The pockets of protests and expressions of suffering easily catches public attention when met with violence because of their journalistic, if cinematic value. But much of the suffering of the poor involved the agonizing maneuvers of packing a household of ten persons in a shanty space for give in wait of government relief packages to arrive.
From spontaneous to organized: Response of civil society actors
On the other hand, donations flooded from locals organized by individuals, groups of friends, family networks, churches, high school batchmates, universities and other non-government groups indicated the robust potential for civil society response to the pandemic. Appeals to gather funds, again through social media, were quickly met.
Social media became awash with news of generosity from those who can spare any amount to help others. Improvised personal protective equipment for health frontliners were distributed and donated to hospitals to address the inadequacy of supplies, food packs were given to the homeless, and cash transfers were virtually wired to those in need by strangers. Communities bought fresh produce from local farmers in the neighboring regions to be distributed to the hungry; chefs cooked for free.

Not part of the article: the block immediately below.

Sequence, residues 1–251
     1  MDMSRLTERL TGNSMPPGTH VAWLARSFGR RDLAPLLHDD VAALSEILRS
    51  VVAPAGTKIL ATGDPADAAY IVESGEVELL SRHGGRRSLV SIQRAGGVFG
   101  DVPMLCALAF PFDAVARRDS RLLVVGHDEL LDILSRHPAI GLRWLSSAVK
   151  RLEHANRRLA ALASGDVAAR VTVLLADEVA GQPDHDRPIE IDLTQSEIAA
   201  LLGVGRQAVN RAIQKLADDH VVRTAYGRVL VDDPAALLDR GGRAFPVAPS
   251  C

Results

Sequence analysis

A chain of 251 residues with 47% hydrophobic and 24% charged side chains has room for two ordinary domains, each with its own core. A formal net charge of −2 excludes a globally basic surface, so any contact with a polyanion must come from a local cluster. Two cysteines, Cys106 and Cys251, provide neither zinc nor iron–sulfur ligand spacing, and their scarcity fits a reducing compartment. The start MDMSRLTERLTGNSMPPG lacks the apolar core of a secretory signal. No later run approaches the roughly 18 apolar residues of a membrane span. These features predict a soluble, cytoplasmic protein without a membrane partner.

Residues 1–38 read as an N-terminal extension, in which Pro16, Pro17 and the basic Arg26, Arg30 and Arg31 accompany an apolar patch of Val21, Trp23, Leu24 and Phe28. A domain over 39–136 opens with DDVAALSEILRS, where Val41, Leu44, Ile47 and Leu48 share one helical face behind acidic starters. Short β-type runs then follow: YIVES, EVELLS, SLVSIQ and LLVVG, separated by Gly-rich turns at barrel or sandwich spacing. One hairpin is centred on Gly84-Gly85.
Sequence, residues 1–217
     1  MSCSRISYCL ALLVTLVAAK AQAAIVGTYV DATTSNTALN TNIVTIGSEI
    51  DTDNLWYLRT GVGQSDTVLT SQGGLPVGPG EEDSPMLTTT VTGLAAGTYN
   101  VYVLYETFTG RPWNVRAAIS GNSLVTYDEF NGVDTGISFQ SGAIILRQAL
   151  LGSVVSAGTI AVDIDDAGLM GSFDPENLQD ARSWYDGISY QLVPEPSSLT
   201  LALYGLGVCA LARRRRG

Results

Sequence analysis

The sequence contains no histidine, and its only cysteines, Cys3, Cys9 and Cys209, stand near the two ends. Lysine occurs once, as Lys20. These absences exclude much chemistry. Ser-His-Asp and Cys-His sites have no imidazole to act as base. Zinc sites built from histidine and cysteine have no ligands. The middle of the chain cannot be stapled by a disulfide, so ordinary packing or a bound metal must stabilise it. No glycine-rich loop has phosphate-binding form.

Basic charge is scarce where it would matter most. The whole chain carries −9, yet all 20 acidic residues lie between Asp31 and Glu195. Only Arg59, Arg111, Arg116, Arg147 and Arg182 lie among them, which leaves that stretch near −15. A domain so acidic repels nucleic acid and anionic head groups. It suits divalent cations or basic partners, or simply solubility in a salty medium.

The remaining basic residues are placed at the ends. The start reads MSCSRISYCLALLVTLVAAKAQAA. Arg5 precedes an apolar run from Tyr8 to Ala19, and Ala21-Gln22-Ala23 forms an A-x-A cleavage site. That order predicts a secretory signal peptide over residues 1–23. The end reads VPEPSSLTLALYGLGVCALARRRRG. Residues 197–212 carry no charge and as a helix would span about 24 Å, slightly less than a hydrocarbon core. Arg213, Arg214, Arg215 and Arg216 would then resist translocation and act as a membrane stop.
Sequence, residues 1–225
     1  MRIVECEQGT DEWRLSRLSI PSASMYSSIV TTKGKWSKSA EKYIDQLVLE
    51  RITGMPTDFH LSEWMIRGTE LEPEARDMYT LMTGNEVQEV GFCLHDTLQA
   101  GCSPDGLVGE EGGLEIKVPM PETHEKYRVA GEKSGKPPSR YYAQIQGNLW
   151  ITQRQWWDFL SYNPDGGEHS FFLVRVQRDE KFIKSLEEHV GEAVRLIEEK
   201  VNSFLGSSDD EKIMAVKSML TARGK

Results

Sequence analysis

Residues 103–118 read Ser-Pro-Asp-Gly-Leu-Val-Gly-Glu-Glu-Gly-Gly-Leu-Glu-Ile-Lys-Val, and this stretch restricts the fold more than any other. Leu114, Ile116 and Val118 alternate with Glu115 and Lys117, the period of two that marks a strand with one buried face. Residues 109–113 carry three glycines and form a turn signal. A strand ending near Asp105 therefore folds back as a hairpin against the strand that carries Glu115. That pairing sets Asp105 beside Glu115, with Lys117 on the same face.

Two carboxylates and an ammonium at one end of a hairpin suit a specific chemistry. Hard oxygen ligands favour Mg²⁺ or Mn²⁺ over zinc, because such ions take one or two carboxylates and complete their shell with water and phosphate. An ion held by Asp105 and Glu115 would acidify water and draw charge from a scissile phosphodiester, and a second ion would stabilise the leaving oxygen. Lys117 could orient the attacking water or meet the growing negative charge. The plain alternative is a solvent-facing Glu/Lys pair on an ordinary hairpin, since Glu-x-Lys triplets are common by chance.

These bursts of charity indicated the people’s willingness to share and give up a part of what is theirs, time-wise and property-wise. Could these charitable impulses be translated to a kind of solidarity that transcends neoliberal impetus of self-interest and profit into solidarities of equitability? Can these self-sacrifices from the individuals and groups ensconced comfortably in their homes during lockdown translate into a more institutionalized design for less unequal Philippines, say, a more decisive urban and rural land reform, a food security system that supports our local farmers, or a cessation of labor contractualization? Could overseas Filipino workers return to a home country and find a living worth staying for, or will it be back to business as usual for Filipinos?
In times of an upheaval such as this unprecedented pandemic, we can get into a headspace to imagine a more hopeful future. Its realization, however, is another matter. Such a future requires fighting a different kind of structural virus, one that requires much more than discovering a vaccine for a novel coronavirus such as Covid-19.